Seven years after it began pursuing a city broadband network, Seattle’s trying again. Sort of.
Mayor Mike McGinn and other dignitaries will announce a new, smaller effort Monday morning in South Lake Union. The plan is to offer city infrastructure to lure phone or cable companies willing to build ultrafast broadband in one or two neighborhoods.
More and faster broadband is better, but I’m not sure this is going to result in much change. It’s unlikely to help many homes or businesses truly suffering from a lack of fast service, especially since the targeted neighborhoods already have pretty good broadband.
Helping a small pocket of the city may be more realistic than pursuing top-notch broadband across the city, but it pushes the true goal farther back.
As it did in 2006 and 2007, the city’s offering access to 500 miles of fiber-optic lines the public spent at least $50 million to install.
This time around, the city’s hooked up with the University of Washington and an alliance of universities across the country that’s trying to get companies to provide faster service to research schools and their surrounding communities.
The alliance, called Gig U, wants to foster new research and development of applications using ultrafast connections. Success in these areas could prod telecommunications companies to provide more ultrafast broadband. Project proposals from companies are due early next month.
Broadband companies negotiate for city right of way to deliver service in Seattle. But McGinn said the city doesn’t have enough leverage over the companies to extract better pricing or service from them.
“This is why it’s so important for the city to start looking at different models… to start driving some competition or create the competition ourselves, ultimately.”
But the city has started off on this road before and never went anywhere.
A high-profile broadband task force formed in 2004 said the city should pursue a network that would provide affordable, fiber-optic connections to everyone in the city by 2015, with minimum speeds of 20 to 25 megabits per second.
That led to a request for proposals from telecommunications companies willing to partner with the city, and talks with 11 providers. In 2007, Mayor Greg Nickels wanted to pursue a fiber network but the effort fizzled before there were any firm proposals to build anything.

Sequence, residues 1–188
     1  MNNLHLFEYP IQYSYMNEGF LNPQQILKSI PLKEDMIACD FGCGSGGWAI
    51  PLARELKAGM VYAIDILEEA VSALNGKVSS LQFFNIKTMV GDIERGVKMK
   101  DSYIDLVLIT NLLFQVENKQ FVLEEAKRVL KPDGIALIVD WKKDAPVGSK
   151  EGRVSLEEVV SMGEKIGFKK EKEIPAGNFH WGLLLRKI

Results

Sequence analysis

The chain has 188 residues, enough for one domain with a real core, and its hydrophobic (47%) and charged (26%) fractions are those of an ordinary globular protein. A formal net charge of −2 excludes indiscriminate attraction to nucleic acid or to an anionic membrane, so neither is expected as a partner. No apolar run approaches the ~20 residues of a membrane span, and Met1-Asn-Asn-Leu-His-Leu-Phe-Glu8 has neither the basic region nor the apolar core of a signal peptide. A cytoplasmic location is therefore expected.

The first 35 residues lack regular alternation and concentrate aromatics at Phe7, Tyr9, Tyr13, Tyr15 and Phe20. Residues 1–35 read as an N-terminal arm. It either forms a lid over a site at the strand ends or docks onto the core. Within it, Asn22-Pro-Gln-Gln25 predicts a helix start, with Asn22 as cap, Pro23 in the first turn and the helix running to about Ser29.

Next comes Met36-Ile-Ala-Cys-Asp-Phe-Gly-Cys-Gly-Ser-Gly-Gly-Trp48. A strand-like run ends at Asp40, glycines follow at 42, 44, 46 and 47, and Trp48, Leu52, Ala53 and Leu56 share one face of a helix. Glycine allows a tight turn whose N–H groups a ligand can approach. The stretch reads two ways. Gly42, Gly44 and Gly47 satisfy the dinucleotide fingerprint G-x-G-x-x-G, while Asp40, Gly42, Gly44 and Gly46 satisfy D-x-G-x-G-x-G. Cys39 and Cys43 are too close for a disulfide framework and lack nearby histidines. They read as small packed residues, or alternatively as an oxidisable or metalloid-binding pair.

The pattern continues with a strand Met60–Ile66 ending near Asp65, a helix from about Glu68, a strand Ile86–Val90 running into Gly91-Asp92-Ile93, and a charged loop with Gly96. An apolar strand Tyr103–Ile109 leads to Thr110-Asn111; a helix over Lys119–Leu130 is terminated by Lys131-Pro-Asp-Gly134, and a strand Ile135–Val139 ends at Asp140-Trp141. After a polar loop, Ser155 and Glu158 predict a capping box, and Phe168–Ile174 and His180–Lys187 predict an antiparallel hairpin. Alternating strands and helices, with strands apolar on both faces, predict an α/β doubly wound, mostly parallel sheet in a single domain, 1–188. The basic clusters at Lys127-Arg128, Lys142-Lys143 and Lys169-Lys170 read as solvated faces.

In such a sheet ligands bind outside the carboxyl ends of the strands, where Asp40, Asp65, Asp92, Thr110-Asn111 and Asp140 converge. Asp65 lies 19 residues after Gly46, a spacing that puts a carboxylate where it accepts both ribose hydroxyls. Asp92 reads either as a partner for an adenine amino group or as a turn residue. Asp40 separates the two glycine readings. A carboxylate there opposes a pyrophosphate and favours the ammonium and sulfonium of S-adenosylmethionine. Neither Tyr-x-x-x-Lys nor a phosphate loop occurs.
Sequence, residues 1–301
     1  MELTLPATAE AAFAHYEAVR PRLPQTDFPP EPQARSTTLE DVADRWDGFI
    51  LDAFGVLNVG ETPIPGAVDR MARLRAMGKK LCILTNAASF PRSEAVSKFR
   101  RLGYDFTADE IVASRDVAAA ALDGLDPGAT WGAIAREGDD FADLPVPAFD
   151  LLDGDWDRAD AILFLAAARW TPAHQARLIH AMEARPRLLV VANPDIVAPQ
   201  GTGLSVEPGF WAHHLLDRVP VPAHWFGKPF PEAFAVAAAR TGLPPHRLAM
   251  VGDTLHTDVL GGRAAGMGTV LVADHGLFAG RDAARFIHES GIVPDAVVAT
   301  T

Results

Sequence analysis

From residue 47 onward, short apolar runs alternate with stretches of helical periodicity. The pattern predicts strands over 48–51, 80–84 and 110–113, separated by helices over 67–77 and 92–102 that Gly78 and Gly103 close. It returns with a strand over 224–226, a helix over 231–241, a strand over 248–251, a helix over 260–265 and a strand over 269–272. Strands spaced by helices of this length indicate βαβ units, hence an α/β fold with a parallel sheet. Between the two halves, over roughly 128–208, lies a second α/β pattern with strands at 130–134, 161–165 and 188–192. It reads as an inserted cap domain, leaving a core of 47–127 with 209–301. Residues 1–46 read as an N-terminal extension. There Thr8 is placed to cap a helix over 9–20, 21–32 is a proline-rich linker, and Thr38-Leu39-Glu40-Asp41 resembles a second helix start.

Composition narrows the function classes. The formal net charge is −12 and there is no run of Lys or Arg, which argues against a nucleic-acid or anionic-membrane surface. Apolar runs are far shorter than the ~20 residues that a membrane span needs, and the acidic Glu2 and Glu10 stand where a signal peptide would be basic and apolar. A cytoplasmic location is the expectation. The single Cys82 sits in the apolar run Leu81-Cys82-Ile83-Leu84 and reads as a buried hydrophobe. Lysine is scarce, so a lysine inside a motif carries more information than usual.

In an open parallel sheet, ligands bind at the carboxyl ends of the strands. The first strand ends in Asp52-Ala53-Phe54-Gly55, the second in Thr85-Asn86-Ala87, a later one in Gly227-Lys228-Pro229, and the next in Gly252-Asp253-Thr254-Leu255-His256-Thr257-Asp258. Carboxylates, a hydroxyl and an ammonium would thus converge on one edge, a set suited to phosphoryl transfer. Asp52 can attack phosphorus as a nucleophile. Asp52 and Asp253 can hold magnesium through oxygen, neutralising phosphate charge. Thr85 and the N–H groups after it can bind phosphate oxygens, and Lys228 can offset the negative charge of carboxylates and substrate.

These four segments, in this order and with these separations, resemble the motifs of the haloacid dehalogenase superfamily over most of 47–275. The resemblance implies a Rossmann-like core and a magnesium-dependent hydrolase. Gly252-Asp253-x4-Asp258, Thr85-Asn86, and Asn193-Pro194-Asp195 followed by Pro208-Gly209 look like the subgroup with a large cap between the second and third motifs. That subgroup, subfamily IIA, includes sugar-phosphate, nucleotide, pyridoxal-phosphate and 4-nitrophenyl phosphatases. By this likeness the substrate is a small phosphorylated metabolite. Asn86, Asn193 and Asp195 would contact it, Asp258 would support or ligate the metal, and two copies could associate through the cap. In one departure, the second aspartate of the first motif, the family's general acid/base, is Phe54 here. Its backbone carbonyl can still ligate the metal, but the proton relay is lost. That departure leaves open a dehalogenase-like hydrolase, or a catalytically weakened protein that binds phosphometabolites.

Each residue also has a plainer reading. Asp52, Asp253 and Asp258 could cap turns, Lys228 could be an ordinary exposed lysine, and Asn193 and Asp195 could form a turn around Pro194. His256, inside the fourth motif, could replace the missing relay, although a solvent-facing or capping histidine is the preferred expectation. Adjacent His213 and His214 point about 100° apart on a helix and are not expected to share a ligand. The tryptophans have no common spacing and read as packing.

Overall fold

One possibility that was never pursued was to have City Light become a broadband provider, similar to the approach taken by the city of Tacoma and other public utilities.
McGinn said that could be an option someday. But first the city will try to encourage a pilot project, in neighborhoods adjacent to the UW or UW facilities — meaning South Lake Union or the University District.
I asked McGinn and Bill Schrier, the city’s chief technology officer, why this will fare better than the city’s earlier, more ambitious broadband plans.
“There’s a much wider awareness for broadband and its value than there was in 2007,” Schrier said.
I hate to be critical about this because the need for better and more affordable broadband in America is real. There’s not enough competition to bring prices down and there’s little incentive for companies to provide faster service outside of dense, prosperous areas. But the project being floated today doesn’t address those problems.
Also, Gig U’s concerns about universities having ultrafast broadband do not apply to the UW proper. The UW has one of the world’s fastest Internet connections. It’s part of the Internet2 research consortium that’s operating a new 100 gigabit per second network. Seattle is one of 10 cities connected by this network, enabling the UW to do cutting-edge research in computing and sciences.
South Lake Union is also an odd location for Monday’s news conference. It may be the last place you’d talk about a broadband crisis.
A mass of fiber runs through the neighborhood, alongside the new Terry Avenue headquarters of Amazon.com.
“There’s fiber all over South Lake Union from like eight carriers — the biggest fiber route in the Northwest goes right down Terry,” said John Van Oppen, chief executive of Spectrum Networks.
Spectrum provides 100 megabit-per-second Internet service to dozens of office and apartment buildings in the region, charging people $60 per month for unlimited usage.
Next spring, Spectrum services will be upgraded to 1 gigabit per second, at the same price. That speed is already available at Van Oppen’s condo — in South Lake Union.
Van Oppen said the city’s making a good effort to improve broadband offerings, but he doesn’t expect there will be a lot of private-sector interest in using its fiber to serve a neighborhood or two.
One reason is that fiber isn’t as scarce a resource anymore. The biggest cost to provide ultrafast broadband is in the “last mile” connection, hooking up the individual homes and buildings.
“The cost isn’t in anything but that last little bit,” Van Oppen said. “The reason it’s so expensive isn’t because you need to get fiber from one of the data centers, it’s because you need to get fiber into the building.”
It’s nice to support the Gig U effort, which may have better luck advancing broadband nationally than the FCC’s federal plan.
But Seattle needs to be sure that in its eagerness to join the movement it doesn’t give up fiber-optic capacity that city agencies and schools may need in the future.
The city also needs to be sure the public gets a good return on its infrastructure investment — and not just intangible benefits.
Still hanging out there is the question of whether we’ll ever see a citywide, municipal broadband service. If that’s at all possible, the city has to take care it’s not giving up fiber capacity the whole city may need someday, just to enhance neighborhoods that are already doing well.